The scene near the end when he’s walking away, hearing the radio chatter of the doomed inhabitants of Bowie Base One, demonstrates simply superb acting. For large chunks of this episode, the Doctor is a very still and haunted man (spitting out lines you never thought you’d ever hear the Doctor say), and Tennant for me absolutely nailed it. Take too the moment where he’s trying to convince himself that he’s effectively the boss of time, and his decision to go against its laws by affecting a fixed point: he utterly owns the role, and it’s really going to miss him.

Memo to Matt Smith: you’ve got one hell of a job on your hands.

Furthermore, this was a Doctor Who episode with consequences. Adelaide’s presence on Mars was a direct result of the events of The Stolen Earth, where a Dalek stared her straight in the eye and then left her alone (we’ll come back to that in a minute). The Ice Warriors may have contributed to the events on Mars in the first place. And then there’s the consequences to come, with the summons from the Ood at the end, with Tennant’s Doctor realising – even if he’s running from it – that his time is nearly up.

It’s so well done here that you can’t help but scan the Radio Times to see if, by some miracle, the next episode is on tomorrow. There’s no immediacy to the cliffhanger, rather a festering feeling of impending doom. It works all the better for it, too.

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Picky time, though. There was still room for a little comedy in an otherwise very dark story, the best of which was Tennant’s aside about he hates robot animals, albeit with the exception of dogs. But less successful was Gadget, who looked like an in-bred version of Johnny Five from Short Circuit, particularly when filmed from the side.

I also wasn’t hugely keen on the monster side of things this time, although my feeling is that’s more down to the fact that the emotional battering the Doctor was taking was by far the most involving part of the show. The creatures were perfectly serviceable, but – as with Planet Of The Dead – they were more the sideshow here than the main thrust of the episode.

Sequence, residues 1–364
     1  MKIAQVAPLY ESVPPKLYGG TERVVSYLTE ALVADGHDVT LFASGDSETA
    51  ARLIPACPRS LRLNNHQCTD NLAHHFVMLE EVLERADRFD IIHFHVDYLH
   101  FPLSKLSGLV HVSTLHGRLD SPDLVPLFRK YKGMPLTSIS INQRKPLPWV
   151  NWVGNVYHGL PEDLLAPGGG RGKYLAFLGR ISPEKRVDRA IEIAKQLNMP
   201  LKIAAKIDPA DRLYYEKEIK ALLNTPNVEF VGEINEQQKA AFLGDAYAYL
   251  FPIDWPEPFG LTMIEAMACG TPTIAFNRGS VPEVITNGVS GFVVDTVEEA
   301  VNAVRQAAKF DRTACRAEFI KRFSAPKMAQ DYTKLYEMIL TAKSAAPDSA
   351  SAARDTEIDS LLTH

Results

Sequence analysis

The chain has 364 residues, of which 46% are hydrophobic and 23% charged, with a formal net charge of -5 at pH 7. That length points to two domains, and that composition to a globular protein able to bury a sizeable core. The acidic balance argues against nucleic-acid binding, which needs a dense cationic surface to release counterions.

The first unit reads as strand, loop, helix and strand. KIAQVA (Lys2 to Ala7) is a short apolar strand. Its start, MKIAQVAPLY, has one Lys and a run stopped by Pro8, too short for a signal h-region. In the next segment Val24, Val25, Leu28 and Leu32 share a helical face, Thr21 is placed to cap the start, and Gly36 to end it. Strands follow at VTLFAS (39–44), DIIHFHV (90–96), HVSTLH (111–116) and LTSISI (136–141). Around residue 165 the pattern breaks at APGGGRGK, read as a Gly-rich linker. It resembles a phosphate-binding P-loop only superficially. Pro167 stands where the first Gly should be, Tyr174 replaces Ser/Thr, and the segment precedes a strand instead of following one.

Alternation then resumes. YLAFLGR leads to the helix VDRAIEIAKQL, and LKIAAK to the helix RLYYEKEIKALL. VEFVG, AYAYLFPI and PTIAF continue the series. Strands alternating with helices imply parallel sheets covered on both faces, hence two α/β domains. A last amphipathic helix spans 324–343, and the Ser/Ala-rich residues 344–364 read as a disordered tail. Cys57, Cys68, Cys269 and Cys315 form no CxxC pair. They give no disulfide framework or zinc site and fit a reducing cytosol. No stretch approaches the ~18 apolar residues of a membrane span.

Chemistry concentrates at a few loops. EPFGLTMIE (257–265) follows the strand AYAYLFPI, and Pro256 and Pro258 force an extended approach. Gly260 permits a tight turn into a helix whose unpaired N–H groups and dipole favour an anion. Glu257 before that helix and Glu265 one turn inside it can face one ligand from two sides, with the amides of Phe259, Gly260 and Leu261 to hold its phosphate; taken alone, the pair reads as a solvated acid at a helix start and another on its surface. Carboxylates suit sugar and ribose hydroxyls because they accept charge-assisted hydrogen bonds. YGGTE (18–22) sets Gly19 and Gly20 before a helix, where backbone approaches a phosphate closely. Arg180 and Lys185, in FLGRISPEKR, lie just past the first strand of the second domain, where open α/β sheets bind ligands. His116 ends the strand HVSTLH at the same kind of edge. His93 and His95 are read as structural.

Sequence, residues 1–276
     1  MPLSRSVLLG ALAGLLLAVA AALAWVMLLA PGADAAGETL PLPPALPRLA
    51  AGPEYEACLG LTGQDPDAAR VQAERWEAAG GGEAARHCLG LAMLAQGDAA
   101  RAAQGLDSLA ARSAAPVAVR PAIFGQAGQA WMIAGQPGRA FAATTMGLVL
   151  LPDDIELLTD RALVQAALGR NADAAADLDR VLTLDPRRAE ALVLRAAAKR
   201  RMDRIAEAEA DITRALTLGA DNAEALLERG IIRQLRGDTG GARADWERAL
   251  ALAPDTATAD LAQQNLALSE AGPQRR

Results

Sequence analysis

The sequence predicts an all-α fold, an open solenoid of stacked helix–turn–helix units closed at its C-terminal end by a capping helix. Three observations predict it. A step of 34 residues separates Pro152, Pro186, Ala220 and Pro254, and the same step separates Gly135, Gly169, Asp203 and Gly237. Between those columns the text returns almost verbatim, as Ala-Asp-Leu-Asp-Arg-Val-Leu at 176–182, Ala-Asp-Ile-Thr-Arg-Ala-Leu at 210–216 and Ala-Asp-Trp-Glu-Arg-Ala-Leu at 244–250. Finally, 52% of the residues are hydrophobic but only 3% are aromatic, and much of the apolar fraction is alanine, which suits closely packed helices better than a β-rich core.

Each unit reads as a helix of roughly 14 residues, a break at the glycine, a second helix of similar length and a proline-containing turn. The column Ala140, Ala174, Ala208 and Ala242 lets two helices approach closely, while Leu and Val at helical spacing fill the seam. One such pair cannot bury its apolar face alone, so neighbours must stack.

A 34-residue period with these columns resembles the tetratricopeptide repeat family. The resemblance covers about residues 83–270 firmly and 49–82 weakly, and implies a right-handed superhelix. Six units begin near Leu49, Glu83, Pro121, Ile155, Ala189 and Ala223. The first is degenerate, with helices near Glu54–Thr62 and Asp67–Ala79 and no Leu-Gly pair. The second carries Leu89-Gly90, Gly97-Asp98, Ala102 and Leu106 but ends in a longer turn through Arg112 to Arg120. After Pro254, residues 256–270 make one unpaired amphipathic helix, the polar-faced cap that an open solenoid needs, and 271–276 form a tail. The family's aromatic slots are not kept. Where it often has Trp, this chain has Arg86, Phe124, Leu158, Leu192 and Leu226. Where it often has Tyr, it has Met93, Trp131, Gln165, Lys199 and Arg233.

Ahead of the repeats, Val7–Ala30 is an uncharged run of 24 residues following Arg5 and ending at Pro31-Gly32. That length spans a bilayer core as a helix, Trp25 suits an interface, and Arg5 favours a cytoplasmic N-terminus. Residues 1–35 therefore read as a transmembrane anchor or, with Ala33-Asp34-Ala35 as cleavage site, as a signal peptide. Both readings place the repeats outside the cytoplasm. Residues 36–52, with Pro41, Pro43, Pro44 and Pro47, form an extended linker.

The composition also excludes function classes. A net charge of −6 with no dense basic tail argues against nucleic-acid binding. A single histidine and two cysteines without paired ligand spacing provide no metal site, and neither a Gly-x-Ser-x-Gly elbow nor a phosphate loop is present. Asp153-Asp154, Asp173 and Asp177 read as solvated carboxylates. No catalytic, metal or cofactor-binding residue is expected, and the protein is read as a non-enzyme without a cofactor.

Also, I can’t help thinking there’s a logic gap in there somewhere. If the destruction of the Mars base is a fixed point in time, and if Adelaide’s presence there was a result of the events of The Stolen Earth, then how could the Dalek we see have known that?

That might be me misreading things, but the Daleks would have needed the events of The Stolen Earth to play out and for decades to pass before knowing how vital Adelaide was to time. Surely, therefore, the Dalek there and then should have just shot her, as it wouldn’t have known of her importance? There’s no doubt some clever time-travelling answer to that, but it did jar a little for me.

Those slight grumbles aside, though, I thought The Waters Of Mars was terrific. We saw in Torchwood: Children Of Earth that Russell T Davies can write stone cold hard drama to a very high standard, and this is surely as far as he’s yet pushed Doctor Who in that direction.

The Doctor, as presented here, is a lonely man, without a human companion to act as a counter balance, and he starts going off the rails fairly swiftly as a result. That’s not the Doctor that we’ve seen on the side of lunchboxes and on school rucksacks for the last few years, and the really intriguing thing is that, surely, further darkness lies ahead.

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On the basis of The Waters Of Mars, Christmas – and The End Of Time – simply can’t come quickly enough. For it can’t just be us whose geekbumps soared off the scale when the trailer for the final specials kicked in at the end.

The Doctor vs the Master with some assistance one way or the other from The Ood? We know what we’ll be doing on Christmas Day…

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We’ll be rounding up some of your reactions to The Waters Of Mars, so please leave your thoughts in the comments below!